As California Lifts Drought Restrictions, Rural Areas Still Lack Running Water

Apr 10, 2017
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California Governor Jerry Brown has declared an end to his state's five-year-long drought. Emergency water restrictions have been lifted for most Californians, but not all. In some of the hardest hit areas in the rural Central Valley, there are still thousands of people living without any running water. NPR's Kirk Siegler sent this report from Porterville, Calif.

KIRK SIEGLER, BYLINE: A two-lane highway is clogged with 18-wheelers hauling crates of oranges. And as you drive deeper into the San Joaquin Valley, the radio stations switch from country to Spanish.

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SIEGLER: The farmworkers are back, picking fruit in the lush groves lining the road, their pickups parked in the dirt by the trees.

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SIEGLER: Through the haze, you can just make out the snow-capped Sierra Nevada. By all accounts, California looks to be finally emerging from a brutal drought. But on the outskirts of Porterville, pull into Raul Mendez's driveway, and all is not as it seems.

RAUL MENDEZ: With this rain, I was thinking maybe we're probably going to get the water level higher, but it's not happening.

SIEGLER: In the gravel driveway of Mendez's tidy stucco house is a huge, black 2,500-gallon water tank. His well dried up a couple of months back.

MENDEZ: Yeah, this is the well.

SIEGLER: His is one of some 550 households in this area alone that the state is helping out. California disaster aid pays for water deliveries once a week. Mendez's family is adjusting to the rationing.

MENDEZ: I don't wash clothes and everything. It's just a quick shower, so we can't let the water run.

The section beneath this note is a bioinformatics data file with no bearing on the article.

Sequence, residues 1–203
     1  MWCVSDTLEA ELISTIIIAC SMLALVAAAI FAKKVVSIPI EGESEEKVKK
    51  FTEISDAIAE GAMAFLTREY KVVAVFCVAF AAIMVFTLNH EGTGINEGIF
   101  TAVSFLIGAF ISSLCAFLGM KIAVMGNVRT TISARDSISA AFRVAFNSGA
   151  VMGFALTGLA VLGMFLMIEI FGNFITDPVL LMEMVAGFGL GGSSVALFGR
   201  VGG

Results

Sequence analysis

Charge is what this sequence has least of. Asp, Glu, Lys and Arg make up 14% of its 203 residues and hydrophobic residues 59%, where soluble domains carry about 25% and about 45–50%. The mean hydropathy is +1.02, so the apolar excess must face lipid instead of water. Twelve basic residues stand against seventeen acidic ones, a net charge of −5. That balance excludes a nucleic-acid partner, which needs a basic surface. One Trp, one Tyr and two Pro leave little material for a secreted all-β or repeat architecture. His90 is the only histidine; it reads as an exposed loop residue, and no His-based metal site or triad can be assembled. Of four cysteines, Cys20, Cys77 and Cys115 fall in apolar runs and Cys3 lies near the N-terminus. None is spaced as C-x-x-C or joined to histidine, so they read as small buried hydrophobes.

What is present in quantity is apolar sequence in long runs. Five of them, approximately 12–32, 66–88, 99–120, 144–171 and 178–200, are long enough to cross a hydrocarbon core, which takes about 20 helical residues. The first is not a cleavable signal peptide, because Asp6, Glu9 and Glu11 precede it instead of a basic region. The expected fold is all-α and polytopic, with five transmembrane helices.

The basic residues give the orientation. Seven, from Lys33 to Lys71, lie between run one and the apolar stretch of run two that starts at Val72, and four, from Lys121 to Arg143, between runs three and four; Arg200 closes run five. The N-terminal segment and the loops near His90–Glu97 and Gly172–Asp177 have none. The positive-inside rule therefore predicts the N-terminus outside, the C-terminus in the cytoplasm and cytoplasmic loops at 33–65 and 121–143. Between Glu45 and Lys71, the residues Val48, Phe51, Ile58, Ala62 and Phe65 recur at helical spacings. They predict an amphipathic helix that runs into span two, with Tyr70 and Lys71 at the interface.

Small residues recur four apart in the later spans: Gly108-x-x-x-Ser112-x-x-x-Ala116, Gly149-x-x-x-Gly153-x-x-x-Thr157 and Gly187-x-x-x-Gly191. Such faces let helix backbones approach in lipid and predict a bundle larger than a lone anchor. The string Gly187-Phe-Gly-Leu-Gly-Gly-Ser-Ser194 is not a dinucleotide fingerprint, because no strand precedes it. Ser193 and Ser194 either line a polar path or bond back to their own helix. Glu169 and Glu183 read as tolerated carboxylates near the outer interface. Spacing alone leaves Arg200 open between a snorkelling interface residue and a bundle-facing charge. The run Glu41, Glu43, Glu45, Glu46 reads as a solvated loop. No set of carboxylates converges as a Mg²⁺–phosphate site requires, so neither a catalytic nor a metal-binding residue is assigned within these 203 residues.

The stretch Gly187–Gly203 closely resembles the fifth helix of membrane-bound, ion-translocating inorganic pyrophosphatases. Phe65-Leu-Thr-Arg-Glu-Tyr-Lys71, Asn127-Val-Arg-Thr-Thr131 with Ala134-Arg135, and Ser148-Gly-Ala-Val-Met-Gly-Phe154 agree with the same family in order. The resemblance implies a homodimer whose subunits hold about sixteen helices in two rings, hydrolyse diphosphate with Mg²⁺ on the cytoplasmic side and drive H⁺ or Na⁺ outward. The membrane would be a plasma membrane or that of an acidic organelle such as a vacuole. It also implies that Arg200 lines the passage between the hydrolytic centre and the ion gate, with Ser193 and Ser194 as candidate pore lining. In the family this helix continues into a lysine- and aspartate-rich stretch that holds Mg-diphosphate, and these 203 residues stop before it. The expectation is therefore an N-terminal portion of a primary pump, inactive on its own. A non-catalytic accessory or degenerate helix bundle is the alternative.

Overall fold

SIEGLER: You go to the laundromat?

MENDEZ: Yeah, we go to the laundromat. Yeah.

SIEGLER: Mendez is middle class. He owns an auto repair shop in town and says his family has never had to ask for help, but they were running out of options. They couldn't afford to drill a new, deeper well right now.

MENDEZ: We're talking 25,000. And to have 25,000 right now (laughter) - with an emergency, that's not going to happen.

SIEGLER: People here are relieved that the governor's emergency drought aid isn't going away, as feared. The amount of need is still huge. A few miles from Mendez's house, under the hot afternoon sun, two men in overalls are hooking up water hoses to a semi-truck.

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SIEGLER: This water will go to rental houses and mobile shower stations. David de la Cruz, the supervisor here from the local United Way, says despite all the rain, he's still getting reports of new well failures every day.

DAVID DE LA CRUZ: It's the ground water that's not replenishing, pretty much. We're still having a major issue, even with the rain that we did receive. It didn't saturate.

SIEGLER: At the height of the drought, the already stressed water table in the Central Valley dropped even lower. Farmers dug deeper wells and pumped more water than usual to keep their crops alive. But pointing the finger at farmers is touchy in a rural community that's almost entirely dependent on California's multibillion-dollar agriculture industry.

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SIEGLER: So people here seem much more comfortable talking about the long-term solution going forward, which is to hook homes with dry wells onto nearby municipal water systems so there's less risk. Jessi Snyder with a local group called Self-Help Enterprises says convincing people to get annexed into the city has sometimes been a tough sell.

JESSI SNYDER: There are a lot of people out here on fixed incomes who simply don't want another monthly bill.

SIEGLER: And there are bigger cultural reasons, too.

SNYDER: A lot of it has to do with the simple idea of living inside of the city, as opposed to living in an unincorporated county area because the rules are different. The animal permissions are different. You know, you can hear. People have plenty of animals out here.

SIEGLER: About 300 homes have been connected here already, but there's aid money for at least a thousand more. So Snyder is going door to door, checking in with folks who are eligible to be hooked onto the city of Porterville's system.

SNYDER: (Speaking Spanish) OK. (Speaking Spanish).

SIEGLER: Roberto Aguilar, a fruit picker who lives on this street, tells Snyder that his family's well hasn't run out yet.

ROBERTO AGUILAR: (Speaking Spanish).

SIEGLER: But he tells her he's planning to hook onto the city just to be safe. You need water to live, he says. Kirk Siegler, NPR News, Porterville, Calif.

(SOUNDBITE OF GROUNDISLAVA SONG, "DIG") Transcript provided by NPR, Copyright NPR.